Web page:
Small Mammal Diversity, Rattlesnake Demographics, and Resource Utilization in the Great Basin: Implications for Management and Stable Isotope Proxies
Plant carbon isotopes were used to track assimilation of riparian resources by small mammals. Voles and shrews derived significant portions of their carbon from riparian vegetation. Deer and harvest mice were abundant in riparian habitat but assimilated little riparian vegetation indicating that the riparian corridor provided resources other than food. This is first use of stable carbon isotopes to trace riparian resources into a vertebrate community. Conifer encroachment in sagebrush ecosystems negatively affects many wildlife populations. Conifer removal is recommended across millions of hectares in the Great Basin. However the effects of conifer encroachment and conifer removal are unknown for most wildlife species. We show that the consequences of conifer encroachment, a press impact, far outweigh the pulse impact of sagebrush restoration, on small mammal diversity. Lack of demographic data limit the development of effective management, conservation and recovery goals for rattlesnakes. We used a long-term dataset and capture mark recapture models to quantify demography of four rattlesnake populations. Mean population growth indicated an overall stable population across the study, with two of the four sites declining. Survival overwhelmingly contributed to population growth relative to recruitment. No small mammals drank stream water even during periods of environmentally high water stress and high aridity, extension of the linear regression equation for small mammal body water towards the meteoric waterline, captures stream water, the weighted mean average for regional meteoric waters. Similar regression of fossilized small mammal tissues would also capture local meteoric waters. Even in arid regions, small mammal fossils are a suitable proxy for climate reconstructions. In the Great Basin, snowmelt overwhelmingly contributes to local precipitation, plant production, and stream flows. Snowmelt supports riparian and upland plants, and small mammals. Rattlesnakes prey primarily on small mammals, indirectly depending on snow melt for survival and reproduction. Climate models and rattlesnake emergence strongly indicate an earlier onset of spring and reduced ratio of snow to rain. Declining snowpack will have major impacts on biodiversity and management such as riparian vegetation, native plant restoration, trophic interactions, and ecological goods and services.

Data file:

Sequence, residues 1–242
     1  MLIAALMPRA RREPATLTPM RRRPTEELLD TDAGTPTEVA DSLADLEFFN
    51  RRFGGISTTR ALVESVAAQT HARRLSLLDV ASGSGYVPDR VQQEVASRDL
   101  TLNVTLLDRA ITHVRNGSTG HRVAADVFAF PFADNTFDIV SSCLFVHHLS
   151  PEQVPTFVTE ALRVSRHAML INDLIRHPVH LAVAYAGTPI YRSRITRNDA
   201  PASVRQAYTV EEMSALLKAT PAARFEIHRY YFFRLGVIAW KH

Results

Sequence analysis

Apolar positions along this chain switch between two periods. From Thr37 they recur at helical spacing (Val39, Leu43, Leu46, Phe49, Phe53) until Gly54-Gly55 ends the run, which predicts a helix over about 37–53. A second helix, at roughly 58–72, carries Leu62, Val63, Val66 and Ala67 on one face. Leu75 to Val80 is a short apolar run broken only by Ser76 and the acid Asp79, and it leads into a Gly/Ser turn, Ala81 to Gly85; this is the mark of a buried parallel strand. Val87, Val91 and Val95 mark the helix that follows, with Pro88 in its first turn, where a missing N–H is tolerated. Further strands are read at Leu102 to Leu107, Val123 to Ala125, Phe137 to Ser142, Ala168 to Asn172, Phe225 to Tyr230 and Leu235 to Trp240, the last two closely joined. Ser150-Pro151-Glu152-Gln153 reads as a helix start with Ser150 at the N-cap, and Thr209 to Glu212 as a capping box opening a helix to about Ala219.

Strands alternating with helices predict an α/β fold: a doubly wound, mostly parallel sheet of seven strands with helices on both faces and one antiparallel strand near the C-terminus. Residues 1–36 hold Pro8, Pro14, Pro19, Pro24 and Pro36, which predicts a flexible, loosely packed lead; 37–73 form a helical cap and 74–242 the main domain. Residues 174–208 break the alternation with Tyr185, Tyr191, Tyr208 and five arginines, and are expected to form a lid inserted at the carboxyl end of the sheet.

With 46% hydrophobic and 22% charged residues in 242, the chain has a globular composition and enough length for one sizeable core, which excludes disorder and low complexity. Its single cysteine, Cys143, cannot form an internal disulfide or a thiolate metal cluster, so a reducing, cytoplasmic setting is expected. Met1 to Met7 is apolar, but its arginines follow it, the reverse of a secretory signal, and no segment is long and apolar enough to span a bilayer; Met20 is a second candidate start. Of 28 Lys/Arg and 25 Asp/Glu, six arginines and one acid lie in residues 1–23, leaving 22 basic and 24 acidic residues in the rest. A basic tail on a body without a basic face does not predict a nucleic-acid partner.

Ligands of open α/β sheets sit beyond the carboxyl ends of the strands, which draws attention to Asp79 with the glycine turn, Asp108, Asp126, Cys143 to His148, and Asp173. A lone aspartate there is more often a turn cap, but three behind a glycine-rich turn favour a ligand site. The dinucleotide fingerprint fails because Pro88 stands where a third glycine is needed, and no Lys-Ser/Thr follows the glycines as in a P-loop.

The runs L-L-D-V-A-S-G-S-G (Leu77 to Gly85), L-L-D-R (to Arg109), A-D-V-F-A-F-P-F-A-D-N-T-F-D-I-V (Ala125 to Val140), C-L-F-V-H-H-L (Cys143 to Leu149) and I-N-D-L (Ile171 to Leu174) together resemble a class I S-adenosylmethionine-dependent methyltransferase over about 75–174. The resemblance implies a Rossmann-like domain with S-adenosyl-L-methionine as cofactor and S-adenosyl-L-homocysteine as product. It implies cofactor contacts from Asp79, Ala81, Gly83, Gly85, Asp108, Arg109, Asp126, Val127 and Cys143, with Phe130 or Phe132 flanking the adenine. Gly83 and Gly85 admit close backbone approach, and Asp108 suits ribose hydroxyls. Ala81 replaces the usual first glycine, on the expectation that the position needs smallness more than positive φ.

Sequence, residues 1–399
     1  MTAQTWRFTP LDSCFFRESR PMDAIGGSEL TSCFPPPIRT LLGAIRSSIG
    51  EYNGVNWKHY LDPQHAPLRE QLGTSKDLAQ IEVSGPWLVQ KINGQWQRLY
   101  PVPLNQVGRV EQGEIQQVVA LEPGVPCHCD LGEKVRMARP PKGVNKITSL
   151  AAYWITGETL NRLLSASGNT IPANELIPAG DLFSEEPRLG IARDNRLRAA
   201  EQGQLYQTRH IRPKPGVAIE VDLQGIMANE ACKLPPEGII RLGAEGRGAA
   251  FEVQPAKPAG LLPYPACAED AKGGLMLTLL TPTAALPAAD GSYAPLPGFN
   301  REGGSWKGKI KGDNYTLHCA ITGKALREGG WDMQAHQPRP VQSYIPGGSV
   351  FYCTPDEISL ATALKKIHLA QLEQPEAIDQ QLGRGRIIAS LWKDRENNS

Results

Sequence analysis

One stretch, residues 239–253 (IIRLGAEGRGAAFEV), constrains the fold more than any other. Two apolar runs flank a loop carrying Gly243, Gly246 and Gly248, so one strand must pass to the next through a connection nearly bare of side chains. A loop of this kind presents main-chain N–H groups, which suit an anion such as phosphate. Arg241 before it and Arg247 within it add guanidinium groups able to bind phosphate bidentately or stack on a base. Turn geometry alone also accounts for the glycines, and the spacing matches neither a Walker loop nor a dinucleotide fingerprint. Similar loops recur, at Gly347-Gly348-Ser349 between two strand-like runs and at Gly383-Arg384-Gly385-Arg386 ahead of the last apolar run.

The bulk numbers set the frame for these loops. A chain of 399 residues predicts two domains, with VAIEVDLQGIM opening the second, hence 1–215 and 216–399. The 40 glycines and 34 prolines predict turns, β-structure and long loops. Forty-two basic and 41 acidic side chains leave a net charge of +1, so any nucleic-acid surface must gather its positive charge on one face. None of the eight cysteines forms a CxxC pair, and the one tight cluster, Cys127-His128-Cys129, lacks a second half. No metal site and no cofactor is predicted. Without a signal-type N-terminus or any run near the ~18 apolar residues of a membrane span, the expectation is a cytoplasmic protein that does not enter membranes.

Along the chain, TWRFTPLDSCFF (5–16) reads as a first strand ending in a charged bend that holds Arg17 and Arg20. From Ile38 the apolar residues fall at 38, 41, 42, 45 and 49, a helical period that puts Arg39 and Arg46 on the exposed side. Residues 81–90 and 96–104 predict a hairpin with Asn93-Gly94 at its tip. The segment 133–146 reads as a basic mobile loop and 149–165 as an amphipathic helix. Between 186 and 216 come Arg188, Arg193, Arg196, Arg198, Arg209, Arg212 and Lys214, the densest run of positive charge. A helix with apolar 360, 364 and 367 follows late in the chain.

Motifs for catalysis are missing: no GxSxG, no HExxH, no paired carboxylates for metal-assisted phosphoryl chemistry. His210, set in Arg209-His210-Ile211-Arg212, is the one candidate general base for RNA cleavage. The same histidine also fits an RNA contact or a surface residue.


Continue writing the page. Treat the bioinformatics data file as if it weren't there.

College and Department
Life Sciences; Biology
BYU ScholarsArchive Citation
Hamilton, Bryan T., "Small Mammal Diversity, Rattlesnake Demographics, and Resource Utilization in the Great Basin: Implications for Management and Stable Isotope Proxies" (2018). Theses and Dissertations. 6786.
stable isotopes, δ13C, δD, δ18O, Crotalus lutosus, Snake Range, Great Basin National Park